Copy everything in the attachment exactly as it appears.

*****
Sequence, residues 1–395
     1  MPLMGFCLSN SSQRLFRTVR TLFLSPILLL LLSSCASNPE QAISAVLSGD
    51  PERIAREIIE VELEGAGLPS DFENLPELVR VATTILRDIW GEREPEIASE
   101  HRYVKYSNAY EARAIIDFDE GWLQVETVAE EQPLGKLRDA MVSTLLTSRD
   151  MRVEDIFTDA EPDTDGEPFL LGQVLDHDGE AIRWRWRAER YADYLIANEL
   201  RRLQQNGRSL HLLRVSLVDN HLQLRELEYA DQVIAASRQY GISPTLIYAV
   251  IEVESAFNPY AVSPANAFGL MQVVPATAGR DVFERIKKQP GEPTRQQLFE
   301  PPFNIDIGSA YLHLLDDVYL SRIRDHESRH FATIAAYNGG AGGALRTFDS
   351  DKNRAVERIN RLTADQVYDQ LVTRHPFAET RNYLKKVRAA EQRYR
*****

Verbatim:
Sequence, residues 1–395
     1  MPLMGFCLSN SSQRLFRTVR TLFLSPILLL LLSSCASNPE QAISAVLSGD
    51  PERIAREIIE VELEGAGLPS DFENLPELVR VATTILRDIW GEREPEIASE
   101  HRYVKYSNAY EARAIIDFDE GWLQVETVAE EQPLGKLRDA MVSTLLTSRD
   151  MRVEDIFTDA EPDTDGEPFL LGQVLDHDGE AIRWRWRAER YADYLIANEL
   201  RRLQQNGRSL HLLRVSLVDN HLQLRELEYA DQVIAASRQY GISPTLIYAV
   251  IEVESAFNPY AVSPANAFGL MQVVPATAGR DVFERIKKQP GEPTRQQLFE
   301  PPFNIDIGSA YLHLLDDVYL SRIRDHESRH FATIAAYNGG AGGALRTFDS
   351  DKNRAVERIN RLTADQVYDQ LVTRHPFAET RNYLKKVRAA EQRYR